Nicaragua: I Left My Heart in Ometepe

Ometepe, an enchanting island with two volcanos

Ometepe, an enchanting island with two volcanos

Ometepe's two volcanos are a common theme in local art work.

Ometepe’s two volcanos are a common theme in local art work.

Ometepe is an island formed by two volcanoes rising from Lake Nicaragua. Its name derives from the words ome (two) and tepetl (mountain), meaning two mountains. It is the largest island in Lake Nicaragua as well as the largest volcanic island inside a fresh water lake in the world. As of June 2010, Ometepe was declared a UNESCO Biosphere Preserve. I found this isle to be enchanting and left wanting further time to explore her.

IMG_0614The first known inhabitants were Nahua Indians from Mexico followed by the Niquirano who established an important settlement on the island. Traces of this past can still be found in petroglyphs and stone idols on the northern slopes of Maderas volcano. The oldest date from 300 BC.

When first viewed by the first Spanish conquistadores, Lake Nicaragua was  considered as a fresh water sea as they thought they were viewing the Atlantic Ocean. Nicaragua’s history was altered when Lake Nicaragua’s natural drainage, the San IMG_1041Juan River, was discovered. Lake Nicaragua along with San Juan River formed an important trade route during the colonial era with hundreds of ships carrying in and out goods to Spain and Spanish colonies. This flourishing commerce attracted pirates, who navigated their vessels on Lake Nicaragua ravaging the colonial cities of Granada and Leon.

monkey_0907More recently Lake Nicaragua was also used as a major passage by thousands of Americans and Europeans as an alternate route to the California  gold fields in the 1850s. Lake Nicaragua was once considered as a location of a canal between the Pacific Ocean and the Caribbean Sea before the Panama Canal was constructed.  I am told there is renewed interest in building a Nicaraguan Canal.

Untitled-1Untitled-2Legend tells us that once an Indian woman felt the sadness of lost love and visited a wise priest. He told her to cry over a fruit basket and fill it with her tears.  The priest brought an eagle egg, filled it with the tears  and told her to take it to a place with two volcanoes. When she reached the spot, the egg fell from the basket and the tears overflowed forming Lake Nicaragua.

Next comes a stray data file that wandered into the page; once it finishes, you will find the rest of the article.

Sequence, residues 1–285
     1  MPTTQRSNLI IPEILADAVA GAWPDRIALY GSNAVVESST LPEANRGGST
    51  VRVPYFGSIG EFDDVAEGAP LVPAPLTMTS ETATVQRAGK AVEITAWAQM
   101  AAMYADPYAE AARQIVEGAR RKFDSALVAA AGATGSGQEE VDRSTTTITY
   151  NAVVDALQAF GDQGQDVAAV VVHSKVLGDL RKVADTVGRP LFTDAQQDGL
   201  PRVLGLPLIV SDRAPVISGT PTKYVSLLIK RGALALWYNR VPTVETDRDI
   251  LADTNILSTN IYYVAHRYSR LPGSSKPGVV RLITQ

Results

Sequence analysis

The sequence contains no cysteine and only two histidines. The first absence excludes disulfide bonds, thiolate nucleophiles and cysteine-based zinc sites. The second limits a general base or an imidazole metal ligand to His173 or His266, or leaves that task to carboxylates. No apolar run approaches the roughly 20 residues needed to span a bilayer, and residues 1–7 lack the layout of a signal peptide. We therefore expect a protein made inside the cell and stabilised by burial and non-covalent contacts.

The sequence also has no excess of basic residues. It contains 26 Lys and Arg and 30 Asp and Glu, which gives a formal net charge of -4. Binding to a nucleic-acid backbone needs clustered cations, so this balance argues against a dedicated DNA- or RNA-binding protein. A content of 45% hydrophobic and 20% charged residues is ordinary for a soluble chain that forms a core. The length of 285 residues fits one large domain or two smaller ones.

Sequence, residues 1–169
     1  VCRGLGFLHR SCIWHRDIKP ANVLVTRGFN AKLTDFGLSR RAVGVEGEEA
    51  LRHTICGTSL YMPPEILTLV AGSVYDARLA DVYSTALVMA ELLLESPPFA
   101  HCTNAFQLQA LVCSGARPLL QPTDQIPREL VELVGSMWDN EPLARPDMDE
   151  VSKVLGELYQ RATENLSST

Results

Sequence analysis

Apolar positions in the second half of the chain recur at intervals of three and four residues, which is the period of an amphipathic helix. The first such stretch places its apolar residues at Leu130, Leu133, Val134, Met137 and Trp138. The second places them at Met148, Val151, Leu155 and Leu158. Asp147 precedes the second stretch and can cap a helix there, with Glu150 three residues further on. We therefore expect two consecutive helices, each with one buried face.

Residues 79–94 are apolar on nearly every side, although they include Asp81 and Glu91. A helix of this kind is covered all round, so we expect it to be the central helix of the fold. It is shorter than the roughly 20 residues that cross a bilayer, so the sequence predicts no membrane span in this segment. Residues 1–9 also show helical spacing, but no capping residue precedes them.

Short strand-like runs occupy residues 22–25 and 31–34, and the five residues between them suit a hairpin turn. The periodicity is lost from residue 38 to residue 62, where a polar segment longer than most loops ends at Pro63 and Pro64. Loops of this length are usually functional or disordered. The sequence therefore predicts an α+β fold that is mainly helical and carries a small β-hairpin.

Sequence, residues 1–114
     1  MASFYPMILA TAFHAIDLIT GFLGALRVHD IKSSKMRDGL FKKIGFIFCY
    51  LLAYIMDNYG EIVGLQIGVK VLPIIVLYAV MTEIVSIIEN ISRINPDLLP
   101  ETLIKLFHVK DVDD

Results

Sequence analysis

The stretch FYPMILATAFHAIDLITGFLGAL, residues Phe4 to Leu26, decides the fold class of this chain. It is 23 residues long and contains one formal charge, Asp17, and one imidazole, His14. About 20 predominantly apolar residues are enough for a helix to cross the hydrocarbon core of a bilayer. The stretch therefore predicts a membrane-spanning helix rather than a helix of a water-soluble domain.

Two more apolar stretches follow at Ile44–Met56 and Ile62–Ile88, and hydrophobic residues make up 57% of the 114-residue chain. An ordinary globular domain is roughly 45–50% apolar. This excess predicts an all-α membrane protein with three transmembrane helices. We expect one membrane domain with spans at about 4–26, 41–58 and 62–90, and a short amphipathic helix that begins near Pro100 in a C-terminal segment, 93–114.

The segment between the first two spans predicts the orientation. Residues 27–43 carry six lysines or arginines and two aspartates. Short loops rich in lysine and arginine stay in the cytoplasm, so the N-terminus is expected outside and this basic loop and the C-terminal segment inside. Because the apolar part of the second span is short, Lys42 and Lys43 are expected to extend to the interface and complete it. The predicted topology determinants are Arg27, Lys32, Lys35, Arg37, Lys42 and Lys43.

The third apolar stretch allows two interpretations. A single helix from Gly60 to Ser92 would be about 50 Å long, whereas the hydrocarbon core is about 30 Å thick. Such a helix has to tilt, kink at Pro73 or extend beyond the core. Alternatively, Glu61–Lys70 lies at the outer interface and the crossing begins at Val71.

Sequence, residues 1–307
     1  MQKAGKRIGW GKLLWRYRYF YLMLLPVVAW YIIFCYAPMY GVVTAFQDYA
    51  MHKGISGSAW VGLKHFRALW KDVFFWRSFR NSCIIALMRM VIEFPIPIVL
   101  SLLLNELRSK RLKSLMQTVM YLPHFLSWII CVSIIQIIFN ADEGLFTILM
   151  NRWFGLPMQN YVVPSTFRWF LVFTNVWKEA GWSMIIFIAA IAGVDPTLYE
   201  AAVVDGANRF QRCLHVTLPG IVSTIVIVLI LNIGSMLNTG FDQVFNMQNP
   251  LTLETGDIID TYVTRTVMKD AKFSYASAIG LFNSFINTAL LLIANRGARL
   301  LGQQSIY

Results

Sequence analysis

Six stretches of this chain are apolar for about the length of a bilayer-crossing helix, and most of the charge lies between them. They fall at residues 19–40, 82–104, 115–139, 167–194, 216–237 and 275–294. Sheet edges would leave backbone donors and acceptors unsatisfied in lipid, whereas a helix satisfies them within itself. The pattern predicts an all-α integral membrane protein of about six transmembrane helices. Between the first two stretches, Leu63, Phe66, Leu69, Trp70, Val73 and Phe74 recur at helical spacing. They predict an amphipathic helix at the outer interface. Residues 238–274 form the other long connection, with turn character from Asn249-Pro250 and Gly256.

Today we believe Lake Nicaragua, together with Lake Managua to the northwest, originally formed as part of an ocean bay. With volcanic eruptions and tectonic plate action,  the bay became an inland basin containing the two lakes. The trapped ocean fish  adapted themselves as the water gradually turned from saltwater to freshwater. Lake Nicaragua is now the only freshwater lake containing oceanic animal life, including sharks, swordfish, and tarpon.

A herd of cows enjoying the waters of Lake Nicaragua on the Island of Ometepe

A herd of cows enjoying the waters of Lake Nicaragua on the Island of Ometepe. Maderas volcano is in the distance. Click on the image to see a larger version.

While on Ometepe we visited two learning centers (both also had a lending library) sponsored by W/NP. The visit was made more special by the presence of the W/NP Managua office manager who grew up on Ometepe and provided us with a personalized view of the local people. This is a woman of incredible courage.  While in high school, she was a very good student and at the urging/help of a local priest successfully applied for a scholarship to a USA university.  Her journey to the States was not only her first airplane trip, it also was the first time she left the confines of the island! I am impressed.

Mirna, W/NP Managua office manager dancing in a skirt crafted by an Ometepe learning center.

Mirna, W/NP Managua office manager dancing in a skirt crafted by an Ometepe learning center.

Return to MD Leader Home Page


Tags: ,

One Response to “Nicaragua: I Left My Heart in Ometepe”

  1. Laguna de Apoyo, Nicaragua « MD Leader Says:

    […] Isle of Ometepe, home to two volcanos […]

Leave a Reply

Fill in your details below or click an icon to log in: Logo

You are commenting using your account. Log Out /  Change )

Google+ photo

You are commenting using your Google+ account. Log Out /  Change )

Twitter picture

You are commenting using your Twitter account. Log Out /  Change )

Facebook photo

You are commenting using your Facebook account. Log Out /  Change )


Connecting to %s

%d bloggers like this: